Yorkshire councillor calls for 'speeding cyclists' who slow down vehicles to have to ride single file

Cllr Caroline Patmore calls for signs to be put up to make riders single out

yorkshire hills sportive riding
Cycling has grown in popularity in Yorkshire since the Tour de France Grand Départ in 2014
(Image credit: Chris Catchpole)

A councillor from North Yorkshire County Council has called for cyclists to have to ride in single file as they fail to "enjoy the countryside", ride too fast, and also ride too slow to keep traffic flowing.

Speaking at a meeting of the councils Transport, Economy and Environment Scrutiny Committee, Cllr Caroline Patmore called for riders to have to ride in single file due to their poor behaviour on the roads.

"It is the behaviour of cyclists that is the problem. They don’t seem to enjoy the countryside," Cllr Patmore said, as reported by Minster FM.

"All they do is speed and it’s not just two abreast, sometimes it’s three or four on very narrow roads. It is not good for motorists following them up a hill. When you do overtake them you get a rude gesture.”

>>> 'Why do cyclists ride side by side? - you asked Google and we've got the answer

Cllr Patmore went to say that there wasn't room on the county's roads for cyclists and large vehicles.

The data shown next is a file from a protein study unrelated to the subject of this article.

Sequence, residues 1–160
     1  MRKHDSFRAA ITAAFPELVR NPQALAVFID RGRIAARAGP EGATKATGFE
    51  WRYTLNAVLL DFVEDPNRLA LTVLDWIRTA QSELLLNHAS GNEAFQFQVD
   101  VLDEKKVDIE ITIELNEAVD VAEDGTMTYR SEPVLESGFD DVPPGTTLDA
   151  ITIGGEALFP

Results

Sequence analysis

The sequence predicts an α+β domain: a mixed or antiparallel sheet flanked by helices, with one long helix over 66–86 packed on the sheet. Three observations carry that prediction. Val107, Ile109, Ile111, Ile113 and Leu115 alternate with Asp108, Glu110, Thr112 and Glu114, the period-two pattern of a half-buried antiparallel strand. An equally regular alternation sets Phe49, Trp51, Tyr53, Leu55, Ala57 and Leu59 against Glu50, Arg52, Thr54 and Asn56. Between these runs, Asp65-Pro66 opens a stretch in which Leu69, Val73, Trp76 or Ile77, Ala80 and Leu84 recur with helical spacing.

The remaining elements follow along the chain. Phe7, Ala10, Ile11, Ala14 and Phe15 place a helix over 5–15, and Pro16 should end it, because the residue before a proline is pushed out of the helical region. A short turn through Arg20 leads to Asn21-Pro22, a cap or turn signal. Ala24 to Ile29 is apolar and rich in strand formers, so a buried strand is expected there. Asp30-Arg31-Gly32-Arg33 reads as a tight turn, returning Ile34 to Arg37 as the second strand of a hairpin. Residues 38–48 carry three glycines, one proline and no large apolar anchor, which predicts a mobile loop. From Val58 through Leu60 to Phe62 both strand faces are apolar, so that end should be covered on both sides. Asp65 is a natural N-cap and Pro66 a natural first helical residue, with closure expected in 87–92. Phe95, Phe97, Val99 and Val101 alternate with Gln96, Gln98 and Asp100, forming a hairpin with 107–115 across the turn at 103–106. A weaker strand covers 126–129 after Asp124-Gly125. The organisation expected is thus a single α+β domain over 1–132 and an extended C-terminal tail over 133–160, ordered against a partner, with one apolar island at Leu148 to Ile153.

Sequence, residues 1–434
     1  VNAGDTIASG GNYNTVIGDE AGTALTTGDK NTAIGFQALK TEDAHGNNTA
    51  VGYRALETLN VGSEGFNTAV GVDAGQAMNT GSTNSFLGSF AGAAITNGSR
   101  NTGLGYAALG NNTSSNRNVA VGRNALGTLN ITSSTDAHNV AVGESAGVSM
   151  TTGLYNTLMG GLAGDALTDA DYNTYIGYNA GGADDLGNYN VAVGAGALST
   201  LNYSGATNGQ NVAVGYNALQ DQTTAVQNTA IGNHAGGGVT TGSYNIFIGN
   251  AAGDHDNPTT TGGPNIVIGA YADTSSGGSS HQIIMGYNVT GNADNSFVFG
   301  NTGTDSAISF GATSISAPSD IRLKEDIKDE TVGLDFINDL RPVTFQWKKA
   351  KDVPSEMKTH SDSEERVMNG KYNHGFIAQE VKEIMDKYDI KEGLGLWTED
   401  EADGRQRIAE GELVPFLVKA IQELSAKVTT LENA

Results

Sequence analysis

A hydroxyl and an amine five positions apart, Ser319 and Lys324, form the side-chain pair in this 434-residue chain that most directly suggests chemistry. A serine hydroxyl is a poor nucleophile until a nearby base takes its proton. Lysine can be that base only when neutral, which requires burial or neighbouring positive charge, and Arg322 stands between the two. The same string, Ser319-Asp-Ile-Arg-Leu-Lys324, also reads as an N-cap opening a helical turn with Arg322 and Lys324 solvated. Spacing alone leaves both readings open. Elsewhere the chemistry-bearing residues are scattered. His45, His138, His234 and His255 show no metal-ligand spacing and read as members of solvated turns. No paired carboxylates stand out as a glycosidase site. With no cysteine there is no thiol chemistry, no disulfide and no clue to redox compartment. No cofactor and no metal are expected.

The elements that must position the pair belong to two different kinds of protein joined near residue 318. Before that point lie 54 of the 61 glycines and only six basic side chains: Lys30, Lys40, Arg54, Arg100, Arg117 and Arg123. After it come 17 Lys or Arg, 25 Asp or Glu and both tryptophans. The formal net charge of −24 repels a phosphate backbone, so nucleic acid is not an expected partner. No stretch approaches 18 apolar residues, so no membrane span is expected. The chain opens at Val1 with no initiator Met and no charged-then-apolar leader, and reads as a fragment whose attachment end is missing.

"It is called road rage," she continued. "We have very wide lorries and farm vehicles and there really is not room on the roads for cyclists and these wide vehicles.

"We have had one or two very nasty accidents. Certainly, on the narrow roads they should have signs up saying ‘Cyclists welcome - but in single file only’."

However Cllr Patmore's comments were not welcomed by other members of the committee, who pointed out that motorists were just as likely to behave poorly on the roads as cyclists.

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"Ten years ago we wouldn’t have had this conversation at all. It was all cars," said Cllr Mike Jordan, who is also a member of a local cycling club. "Because cyclists are starting to use the road everybody is moaning now.”

Council assistant director Barrie Mason also said that the council welcomed the increase in cycling in the area since the Tour de France Grand Départ in 2014, and said that both cyclists and motorists could be more considerate in their behaviour.

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